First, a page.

TALK TO THE DADDY

Hello. Come on in. The daddy writes about current events, literature, music and, once in a while, drops something on you from back in the day to make you pause and ponder, stop and stare, and begin to wonder. Who knows? You may start to pace the floor, shake your head from side to side, then fall down on bended knees in a praying position and cry, "Lawd, have mercy! What is this world coming to?" Check yourself! But this blog is NOT about the daddy. It's about you: your boos, your fam, your hood, your country...our hopes and dreams of a better tomorrow. So let's make a pact: the daddy will put it on the track if you'll chase it down and hit him back. Together, we can definitely take it to another level. Shall we?"

Saturday, July 25, 2009

The Cops and The Daddy: A Meeting of Minds and Hearts

"What is Community Policing?
Community policing is many things to many people. It is a problem-solving partnership between the police and the community that is incorporated throughout a police department's culture and operations. Community officers and neighbors become jointly responsible not just to catch criminals but to help wipe away the community decay that fosters crime. It is the belief that neighbors know their community best, just as beat officers know their beats best, and that the neighbors and officers must work together to share solutions."
--New Haven police brochure

Listen up. While on vacation, The Daddy had dinner with a group of cops. They invited a brutha to dinner to thank him for the work he had done as Manager of Security of a large public housing complex called The Minneapolis Housing Authority.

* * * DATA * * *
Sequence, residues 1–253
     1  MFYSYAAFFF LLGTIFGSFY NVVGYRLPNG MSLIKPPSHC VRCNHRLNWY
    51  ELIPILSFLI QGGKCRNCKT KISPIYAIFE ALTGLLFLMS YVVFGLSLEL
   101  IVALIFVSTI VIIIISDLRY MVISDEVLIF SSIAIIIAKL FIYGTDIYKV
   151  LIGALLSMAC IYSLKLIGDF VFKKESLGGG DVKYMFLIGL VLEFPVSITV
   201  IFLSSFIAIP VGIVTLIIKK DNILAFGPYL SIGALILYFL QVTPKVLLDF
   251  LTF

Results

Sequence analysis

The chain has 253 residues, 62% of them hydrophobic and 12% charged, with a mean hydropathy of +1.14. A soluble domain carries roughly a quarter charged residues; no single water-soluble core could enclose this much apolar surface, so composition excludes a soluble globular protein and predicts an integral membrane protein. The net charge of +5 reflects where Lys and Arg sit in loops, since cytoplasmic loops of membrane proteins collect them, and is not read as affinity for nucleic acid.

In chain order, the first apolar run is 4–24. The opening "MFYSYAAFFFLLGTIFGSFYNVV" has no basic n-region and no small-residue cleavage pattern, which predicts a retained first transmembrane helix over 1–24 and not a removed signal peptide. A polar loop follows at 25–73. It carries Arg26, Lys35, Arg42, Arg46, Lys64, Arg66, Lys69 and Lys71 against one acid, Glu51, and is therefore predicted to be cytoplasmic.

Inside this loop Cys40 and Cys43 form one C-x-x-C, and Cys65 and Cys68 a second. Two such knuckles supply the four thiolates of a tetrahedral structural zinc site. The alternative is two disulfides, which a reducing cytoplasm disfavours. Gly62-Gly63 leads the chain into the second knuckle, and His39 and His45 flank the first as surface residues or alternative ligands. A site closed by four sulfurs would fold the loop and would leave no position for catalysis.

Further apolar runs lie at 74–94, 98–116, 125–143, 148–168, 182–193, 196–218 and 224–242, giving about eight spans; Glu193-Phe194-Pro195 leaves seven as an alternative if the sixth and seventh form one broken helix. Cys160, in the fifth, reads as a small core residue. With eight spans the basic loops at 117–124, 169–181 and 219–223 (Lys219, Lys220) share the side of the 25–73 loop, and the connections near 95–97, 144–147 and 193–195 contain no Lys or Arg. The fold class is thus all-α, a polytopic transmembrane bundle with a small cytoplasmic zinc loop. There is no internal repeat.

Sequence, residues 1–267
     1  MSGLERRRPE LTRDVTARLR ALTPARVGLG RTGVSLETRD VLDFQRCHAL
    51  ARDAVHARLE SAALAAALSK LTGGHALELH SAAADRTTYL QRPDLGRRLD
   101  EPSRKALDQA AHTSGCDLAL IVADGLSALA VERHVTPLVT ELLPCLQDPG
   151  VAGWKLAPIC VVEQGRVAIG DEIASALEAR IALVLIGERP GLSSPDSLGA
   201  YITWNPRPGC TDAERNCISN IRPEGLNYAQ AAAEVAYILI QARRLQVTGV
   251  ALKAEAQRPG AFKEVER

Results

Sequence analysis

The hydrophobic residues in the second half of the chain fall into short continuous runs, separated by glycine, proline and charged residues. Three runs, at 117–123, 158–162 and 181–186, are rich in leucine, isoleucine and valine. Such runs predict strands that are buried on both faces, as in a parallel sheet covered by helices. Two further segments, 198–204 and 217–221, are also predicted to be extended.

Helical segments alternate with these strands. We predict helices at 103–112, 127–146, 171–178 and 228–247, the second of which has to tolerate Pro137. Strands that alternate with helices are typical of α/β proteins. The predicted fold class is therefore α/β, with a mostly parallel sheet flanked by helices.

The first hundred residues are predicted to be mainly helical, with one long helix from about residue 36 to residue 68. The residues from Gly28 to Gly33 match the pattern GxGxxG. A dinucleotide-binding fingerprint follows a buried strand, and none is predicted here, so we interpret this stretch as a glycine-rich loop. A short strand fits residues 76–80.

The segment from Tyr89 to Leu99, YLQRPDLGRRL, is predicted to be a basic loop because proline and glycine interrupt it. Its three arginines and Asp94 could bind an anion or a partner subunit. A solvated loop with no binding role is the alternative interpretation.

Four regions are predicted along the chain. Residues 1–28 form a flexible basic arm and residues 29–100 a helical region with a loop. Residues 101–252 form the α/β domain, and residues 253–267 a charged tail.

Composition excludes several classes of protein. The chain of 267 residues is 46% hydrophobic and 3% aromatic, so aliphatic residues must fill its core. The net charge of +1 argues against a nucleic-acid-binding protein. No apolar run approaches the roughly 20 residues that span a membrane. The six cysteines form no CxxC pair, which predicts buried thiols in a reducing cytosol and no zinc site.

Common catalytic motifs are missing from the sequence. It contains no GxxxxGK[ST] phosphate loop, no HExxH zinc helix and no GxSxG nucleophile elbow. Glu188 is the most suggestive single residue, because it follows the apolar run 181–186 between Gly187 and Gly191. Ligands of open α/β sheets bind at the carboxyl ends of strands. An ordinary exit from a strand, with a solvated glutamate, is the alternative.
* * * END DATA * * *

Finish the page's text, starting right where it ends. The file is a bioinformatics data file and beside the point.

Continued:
Of course we discussed The Prez's press conference in which he said the Cambridge police department acted "stupidly" by arresting a world-renown scholar, after he (the scholar, Dr. Gates) had shown a police officer his ID indicating that he was not a burglar but a guy in his own home. But the discussion quickly turned into broader frames of references, namely black community-law enforcement relations.

They said that not only the black community but the city at large has no idea of the stress that cops go through in a day's work. One gave domestic violence was an example and several chimed in.
They said each domestic violence call can be dangerous, Each situation is different. Each situation is unpredictable. The guy who just slapped his wife around could be holding up in the house with a gun in his hand just waiting for a knock on the door. On the other hand, he could already be gone. He said cops, knowing the potential danger, have to be ready. They said that, in these situations, cops don't have time to diplomatic and friendly to neighbors. It's all business.

They said the same is true when they stop a car, especially at night. You just don't know what will transpire, especially in violent neighborhoods. They have to be ready, including being ready to fire their gun.

They also talked about how being a cop is a thankless job and how this is true in the suburbs as well as in the inner-cities. They said that, since police have to operate under a smaller budgets, they have fewer cops on patrol to assist residents and few investigators. So basically, cops don't deal with, say, drugs in a neighborhood, unless those neighbors yell and scream at the head of the police precinct or elected to do something about it.